As Mid-Autumn Festival is approaching, and so is the once-a-year time to eat mooncakes. Do you have any questions about eating mooncakes? After reading this popular Q&A article, you will be able to eat mooncakes correctly and knowledgeably.
1. What do mooncakes taste like?
The taste of mooncakes is highly diverse. Starting from the traditional lotus seed paste savory taste and the classic ‘five kernel roast pork' flavor, and moving on to the more contemporary custard and cream cheese flavors, you will be able to find almost any flavor of mooncake and some that you prefer.
Generally, all mooncakes have a softshell which is sweet and crumbly. Depending on the filling, the taste of the mooncake can vary widely, from salty, and mildly sweet to extremely sweet.
Check out The Top 10 Flavors of Mooncakes.
2. How is it best to eat a mooncake?
First of all, you should take your mooncake packet/box, unwrap it, and take out the mooncake. You can then eat it any number of ways:
If you have a more refined taste, you may want to use a knife and a fork. You can cup it into quarters or more and then eat it with a fork.
If you want a more Asian feel, you can use chopsticks. Often it is sliced into bite-size pieces for friends/family to share. Of course, you can also just eat with your hands and bite it without any utensils.
3. What should I drink with my mooncakes?
Mooncakes are generally served with Chinese tea. If you are looking for a little more buzz than tea, a glass of wine can always be a nice addition to the table.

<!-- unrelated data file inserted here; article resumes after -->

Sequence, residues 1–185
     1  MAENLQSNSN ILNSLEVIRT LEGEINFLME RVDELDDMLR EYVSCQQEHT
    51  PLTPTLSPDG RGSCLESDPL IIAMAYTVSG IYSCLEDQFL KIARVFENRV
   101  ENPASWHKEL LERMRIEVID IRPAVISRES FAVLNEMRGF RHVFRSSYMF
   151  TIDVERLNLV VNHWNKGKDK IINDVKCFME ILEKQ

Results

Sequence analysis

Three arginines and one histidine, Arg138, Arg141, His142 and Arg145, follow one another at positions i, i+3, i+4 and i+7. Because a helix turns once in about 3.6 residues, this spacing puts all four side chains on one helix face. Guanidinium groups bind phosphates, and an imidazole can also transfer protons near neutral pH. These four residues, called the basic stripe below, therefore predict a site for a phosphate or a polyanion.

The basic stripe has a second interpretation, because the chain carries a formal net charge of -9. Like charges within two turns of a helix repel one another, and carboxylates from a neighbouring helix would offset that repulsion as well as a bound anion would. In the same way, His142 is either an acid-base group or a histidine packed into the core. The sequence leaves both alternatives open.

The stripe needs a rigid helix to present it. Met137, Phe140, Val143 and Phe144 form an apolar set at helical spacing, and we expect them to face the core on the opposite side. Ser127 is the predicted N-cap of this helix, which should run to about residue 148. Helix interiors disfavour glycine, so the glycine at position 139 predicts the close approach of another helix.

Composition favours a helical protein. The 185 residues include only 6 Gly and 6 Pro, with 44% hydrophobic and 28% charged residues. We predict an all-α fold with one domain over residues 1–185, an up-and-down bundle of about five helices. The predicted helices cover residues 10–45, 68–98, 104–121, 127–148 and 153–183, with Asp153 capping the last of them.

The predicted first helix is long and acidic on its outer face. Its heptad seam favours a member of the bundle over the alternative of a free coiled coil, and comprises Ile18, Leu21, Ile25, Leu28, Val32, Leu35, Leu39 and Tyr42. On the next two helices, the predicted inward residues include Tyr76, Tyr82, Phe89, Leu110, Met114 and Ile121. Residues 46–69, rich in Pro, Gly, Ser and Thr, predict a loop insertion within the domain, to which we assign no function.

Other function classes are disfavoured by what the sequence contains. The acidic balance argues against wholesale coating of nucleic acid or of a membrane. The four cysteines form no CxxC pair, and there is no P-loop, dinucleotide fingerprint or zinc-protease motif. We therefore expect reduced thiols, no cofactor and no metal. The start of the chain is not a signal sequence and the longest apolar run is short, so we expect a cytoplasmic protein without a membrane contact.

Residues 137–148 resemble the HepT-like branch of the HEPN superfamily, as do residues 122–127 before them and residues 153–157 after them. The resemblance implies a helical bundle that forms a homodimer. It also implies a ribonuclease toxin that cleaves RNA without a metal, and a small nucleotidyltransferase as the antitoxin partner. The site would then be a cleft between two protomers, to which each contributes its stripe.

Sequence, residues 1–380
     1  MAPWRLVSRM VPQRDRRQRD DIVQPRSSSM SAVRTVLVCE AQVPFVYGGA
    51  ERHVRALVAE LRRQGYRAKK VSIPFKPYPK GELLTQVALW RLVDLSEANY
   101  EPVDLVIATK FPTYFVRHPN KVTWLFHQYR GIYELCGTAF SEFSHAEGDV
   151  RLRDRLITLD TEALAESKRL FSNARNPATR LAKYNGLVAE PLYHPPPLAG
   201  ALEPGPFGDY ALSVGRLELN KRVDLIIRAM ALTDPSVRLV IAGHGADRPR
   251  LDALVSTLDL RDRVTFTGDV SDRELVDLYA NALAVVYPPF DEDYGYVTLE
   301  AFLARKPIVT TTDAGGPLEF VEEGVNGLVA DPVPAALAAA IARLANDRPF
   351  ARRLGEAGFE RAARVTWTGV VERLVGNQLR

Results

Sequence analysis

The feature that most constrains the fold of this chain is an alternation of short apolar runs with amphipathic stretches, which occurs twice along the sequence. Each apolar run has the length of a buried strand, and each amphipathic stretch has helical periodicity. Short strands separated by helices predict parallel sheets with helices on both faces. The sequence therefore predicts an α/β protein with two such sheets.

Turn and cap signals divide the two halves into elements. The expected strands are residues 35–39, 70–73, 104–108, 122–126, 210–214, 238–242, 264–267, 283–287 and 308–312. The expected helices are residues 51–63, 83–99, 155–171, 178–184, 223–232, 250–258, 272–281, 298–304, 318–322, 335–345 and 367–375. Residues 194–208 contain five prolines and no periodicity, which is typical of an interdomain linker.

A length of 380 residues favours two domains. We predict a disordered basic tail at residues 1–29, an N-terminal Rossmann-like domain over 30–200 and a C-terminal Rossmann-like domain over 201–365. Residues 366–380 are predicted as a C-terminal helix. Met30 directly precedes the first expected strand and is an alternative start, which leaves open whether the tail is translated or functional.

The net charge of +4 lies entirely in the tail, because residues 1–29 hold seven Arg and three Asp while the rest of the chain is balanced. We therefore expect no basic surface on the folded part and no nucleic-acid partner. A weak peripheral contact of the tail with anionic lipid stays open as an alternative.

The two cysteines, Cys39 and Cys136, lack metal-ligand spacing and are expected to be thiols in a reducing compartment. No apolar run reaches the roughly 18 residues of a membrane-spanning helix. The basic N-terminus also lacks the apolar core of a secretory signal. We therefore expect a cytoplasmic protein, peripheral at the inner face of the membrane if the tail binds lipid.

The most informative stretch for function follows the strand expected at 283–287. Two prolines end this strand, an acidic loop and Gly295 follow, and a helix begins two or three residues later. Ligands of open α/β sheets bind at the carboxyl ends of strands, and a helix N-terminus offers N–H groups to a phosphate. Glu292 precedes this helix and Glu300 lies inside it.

Also, don’t be afraid to come up with your own pairing with other beverages like coffee and whiskey. Your imagination might surprise you!
4. Are mooncakes eaten cold or hot?
All mooncakes are good to eat at room temperature. If you have your mooncakes in the fridge, you may take them out, wait for 30 to 60 minutes and then eat them. There’s no need to heat them up.
5. How much mooncake should I eat?
The energy provided by a mooncake generally exceeds what we need for a meal. Therefore, do not over-eat mooncakes!
If necessary, you can try to limit yourself to one-eighth of an average-sized mooncake and share the rest with those around you. Of course, if you don't mind the sugar and carbohydrates, it is no problem to eat a whole mooncake.
6. When should I eat mooncakes?
Mooncakes are usually consumed as desserts, eaten after dinner while admiring the moon with family or friends.
7. Can I eat mooncakes alone?
Just like any holiday, Mid-Autumn Festival is best enjoyed with as many friends and family as possible. Given the staggering calorie count, you may also need to make sure you have enough people to share your mooncakes!
8. Is it okay to eat mooncakes at other times of the year?
Maybe it’s just an old wives’ tale, or maybe it’s a lunar effect thing, but the rumors are that eating a mooncake at any time other than under a full moon will cause tummy aches.
It's generally viewed as okay to eat mooncakes outside of the Mid-Autumn Festival period, although not many people actually eat them other than during this festival.
Most of mooncake manufacturers produce mooncakes once a year and only start making them when the Mid-Autumn Festival is approaching. So, it can be difficult to buy mooncakes when it isn't the Mid-Autumn Festival prelude.
9. How long does a Chinese mooncake last before going bad?
The consume-by date of a commercial mooncake ranges from 10 or 15 days to a few months, 10 months, or even longer. It depends on the packaging, filling, the ratio of the ingredients, and the storage temperature. Different brands of mooncakes have different expiration dates.